Our National Bailout Slam


Sure, the financial crisis is economically horrific. But it's inspiring some top-notch comic poems and videos

If you're one of those fortunate workers who still enjoys company-supplied Internet access—or, if you've been laid off and just have lots of time on your hands—you've no doubt noticed the wave of bailout-inspired humor that's flooded blogs, YouTube, and Facebook pages. Much of it is, sad to say, subprime. But there are some gems out there (precious as a zero-percent T-Bill). We've thoughtfully collected some of the best.

First, the professionals. And by that I mean, of course, The Onion. For production values alone, it's hard to beat the video "Should the Government Stop Dumping Money into a Giant Hole?" Here the level of debate is actually higher than what you'll get on typical network TV coverage of the financial crisis. Then there's my personal favorite, from Jon Methven at the McSweeney's site, "The Economic Crisis Hits the Markson Family Monopoly Board." We may all be living on Baltic Avenue when this is over.

Alright, let's move on to the poetry. It's tough fitting Motown into meter, but the auto companies' pleadings have summoned up much car-crash imagery. Let's give it up for Kaneix, who bolted together "Small is Suddenly Beautiful."And Vanessa Giacoppo, who Twittered over this haiku (even the auto poetry is going Japanese!):

Jaws of Stimulus Life

Three car pile-up,

In the form of carmakers.

Hand-outs aren't free.

A BusinessWeek.com story about the tangled tale of AIG's multiple bailouts elicited this Addams Family-themed song from reader williambanzai7:

The AIG Balance Sheets

They're creepy and they're kooky,

Mysterious and spooky,

They're altogether fluky,

The AIG balance sheets.

Their office is a museum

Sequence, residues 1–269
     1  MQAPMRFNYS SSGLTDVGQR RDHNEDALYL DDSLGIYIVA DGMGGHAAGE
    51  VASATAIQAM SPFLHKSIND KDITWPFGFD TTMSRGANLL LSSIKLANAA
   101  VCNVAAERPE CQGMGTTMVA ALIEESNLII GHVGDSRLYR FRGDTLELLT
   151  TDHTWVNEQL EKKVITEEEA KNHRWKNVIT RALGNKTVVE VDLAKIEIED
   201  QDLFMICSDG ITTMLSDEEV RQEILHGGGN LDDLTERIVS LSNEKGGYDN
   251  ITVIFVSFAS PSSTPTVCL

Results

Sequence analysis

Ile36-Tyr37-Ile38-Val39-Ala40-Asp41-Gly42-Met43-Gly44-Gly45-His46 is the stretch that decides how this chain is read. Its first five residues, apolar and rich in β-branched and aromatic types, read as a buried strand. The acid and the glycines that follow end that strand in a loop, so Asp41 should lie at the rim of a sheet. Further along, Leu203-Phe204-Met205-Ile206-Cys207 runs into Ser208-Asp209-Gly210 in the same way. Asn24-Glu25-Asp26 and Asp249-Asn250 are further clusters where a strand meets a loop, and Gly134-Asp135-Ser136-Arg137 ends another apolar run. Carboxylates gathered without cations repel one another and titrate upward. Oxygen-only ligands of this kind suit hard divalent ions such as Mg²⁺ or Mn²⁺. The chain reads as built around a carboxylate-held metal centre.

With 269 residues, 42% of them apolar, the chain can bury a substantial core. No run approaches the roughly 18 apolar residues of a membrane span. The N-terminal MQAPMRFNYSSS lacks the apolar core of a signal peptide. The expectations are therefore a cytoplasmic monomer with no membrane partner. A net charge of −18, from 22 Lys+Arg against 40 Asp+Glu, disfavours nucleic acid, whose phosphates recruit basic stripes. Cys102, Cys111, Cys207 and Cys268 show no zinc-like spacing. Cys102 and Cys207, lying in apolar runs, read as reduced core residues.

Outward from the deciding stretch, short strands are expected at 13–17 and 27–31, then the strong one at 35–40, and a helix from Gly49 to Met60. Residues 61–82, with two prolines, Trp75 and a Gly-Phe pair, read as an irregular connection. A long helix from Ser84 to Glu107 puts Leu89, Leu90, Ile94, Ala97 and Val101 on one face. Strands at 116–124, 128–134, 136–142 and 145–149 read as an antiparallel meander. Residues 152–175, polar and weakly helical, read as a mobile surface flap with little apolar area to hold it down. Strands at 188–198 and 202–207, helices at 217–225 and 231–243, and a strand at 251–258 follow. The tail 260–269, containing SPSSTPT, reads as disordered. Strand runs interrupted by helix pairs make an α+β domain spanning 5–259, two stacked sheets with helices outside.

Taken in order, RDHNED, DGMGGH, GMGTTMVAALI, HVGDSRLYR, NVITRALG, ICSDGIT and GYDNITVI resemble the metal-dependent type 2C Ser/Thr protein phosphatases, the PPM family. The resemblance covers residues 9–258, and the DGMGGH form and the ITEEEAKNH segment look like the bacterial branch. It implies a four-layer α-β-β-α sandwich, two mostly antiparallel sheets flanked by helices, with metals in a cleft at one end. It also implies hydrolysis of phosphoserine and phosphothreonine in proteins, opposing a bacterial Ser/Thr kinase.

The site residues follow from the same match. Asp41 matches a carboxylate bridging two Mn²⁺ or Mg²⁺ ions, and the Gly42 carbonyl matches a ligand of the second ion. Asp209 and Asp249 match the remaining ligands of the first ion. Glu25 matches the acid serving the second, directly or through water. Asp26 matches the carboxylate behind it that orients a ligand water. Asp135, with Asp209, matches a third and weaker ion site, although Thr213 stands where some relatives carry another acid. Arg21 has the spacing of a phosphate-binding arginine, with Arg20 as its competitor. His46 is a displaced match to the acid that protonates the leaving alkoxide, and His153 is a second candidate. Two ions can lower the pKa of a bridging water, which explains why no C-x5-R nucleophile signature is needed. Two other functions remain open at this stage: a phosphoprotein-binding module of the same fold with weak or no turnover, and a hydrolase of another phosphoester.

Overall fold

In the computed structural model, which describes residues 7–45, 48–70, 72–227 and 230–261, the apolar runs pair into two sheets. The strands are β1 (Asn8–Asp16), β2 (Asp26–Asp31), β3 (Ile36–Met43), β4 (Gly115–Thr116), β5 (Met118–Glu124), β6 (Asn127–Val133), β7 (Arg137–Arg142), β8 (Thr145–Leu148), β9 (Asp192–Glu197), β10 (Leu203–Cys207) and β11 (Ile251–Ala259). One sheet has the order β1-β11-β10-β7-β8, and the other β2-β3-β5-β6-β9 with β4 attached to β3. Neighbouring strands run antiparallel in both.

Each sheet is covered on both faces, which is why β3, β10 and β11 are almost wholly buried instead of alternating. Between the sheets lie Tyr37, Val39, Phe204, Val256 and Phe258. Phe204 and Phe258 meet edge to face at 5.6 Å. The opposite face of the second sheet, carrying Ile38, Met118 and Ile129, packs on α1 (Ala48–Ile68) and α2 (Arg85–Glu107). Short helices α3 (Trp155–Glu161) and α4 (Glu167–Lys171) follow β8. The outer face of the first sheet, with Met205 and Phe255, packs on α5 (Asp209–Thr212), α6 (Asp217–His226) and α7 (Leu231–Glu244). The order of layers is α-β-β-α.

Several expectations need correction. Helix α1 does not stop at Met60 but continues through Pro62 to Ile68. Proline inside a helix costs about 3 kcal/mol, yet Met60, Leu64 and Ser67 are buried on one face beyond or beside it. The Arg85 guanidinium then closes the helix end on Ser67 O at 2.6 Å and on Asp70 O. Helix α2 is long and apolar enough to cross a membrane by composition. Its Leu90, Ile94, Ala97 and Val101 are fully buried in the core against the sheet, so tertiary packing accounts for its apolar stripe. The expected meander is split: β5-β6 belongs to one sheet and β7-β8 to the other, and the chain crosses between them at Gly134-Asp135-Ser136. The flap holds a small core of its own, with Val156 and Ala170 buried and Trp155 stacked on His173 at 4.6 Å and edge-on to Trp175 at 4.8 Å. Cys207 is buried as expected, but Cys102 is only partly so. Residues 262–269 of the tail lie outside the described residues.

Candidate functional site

Where people come to see 'em

They really are a scream

The AIG balance sheets.

(Black Hole)

(Opaque)

(Indeterminate)

So get your Bailout shawl on

and some drums that you can roll on

We're gonna pay a call on

The AIG balance sheets.

For horror-based commentary, it's hard to top a Batman-inspired video mash-up from MBelinkie, "The Dark Bailout.".

But let's face it, if you're going to bail anyone out, who needs it more than poets themselves? That's the proposition put forth by Charles Bernstein, who cites the "glut of illiquid, insolvent, and troubled poems [that] is clogging the literary arteries of the West."

Everyone Wants Some Bailout

Which brings us to the deepest well of bailout parody, the "where's mine?" videos. "Where's My Bailout?" from Reason.tv will touch a nerve for anyone who's spent thirty grand to have Kevin Federline come to her bachelorette party and believes "all Americans should be protected from their own stupidity."

The award for combining sophisticated Wall Street analysis with Main Street beats goes to "The Bailout Rap," posted to YouTube by EJSKanye8585. Honorable mention: "Give It To Me," from RotogenRay. Or, if a cappella is more your speed, substitute "Ben Bernanke, Please Send Me Some Green" by The Vocal Chords.

For pure weirdness, I'd be remiss if I didn't mention "Financial crisis explained with marshmallows" from notfinance.

Santa's Little Bailout

But hey, it's almost Christmas, so naturally Santa is also angling for a bailout. Just search for "Santa bailout" on YouTube and you'll see what I mean. Here I have to go with Harry Shearer's "Why No Bailout for Santa?" (If this audio link doesn't work for you, go to Harry's Le Show archives page, click "more info" for the Nov. 30 show, and a playlist with the song should appear.)

Harry, of course, is also a professional; you may know him as the voice of Mr. Burns on The Simpsons. The history books are still to be written on whether we're midway through the Great Recession or just getting started with the Greater Depression. But with lines like these—"Santa Claus can't get financing; he's caught in the credit crunch. He'll fit through a lot more chimneys, cuz the big guy's skipping lunch"—this little ditty may well go down as "A Christmas Carol" for our times.

Beucke is the News Director at BusinessWeek.com .

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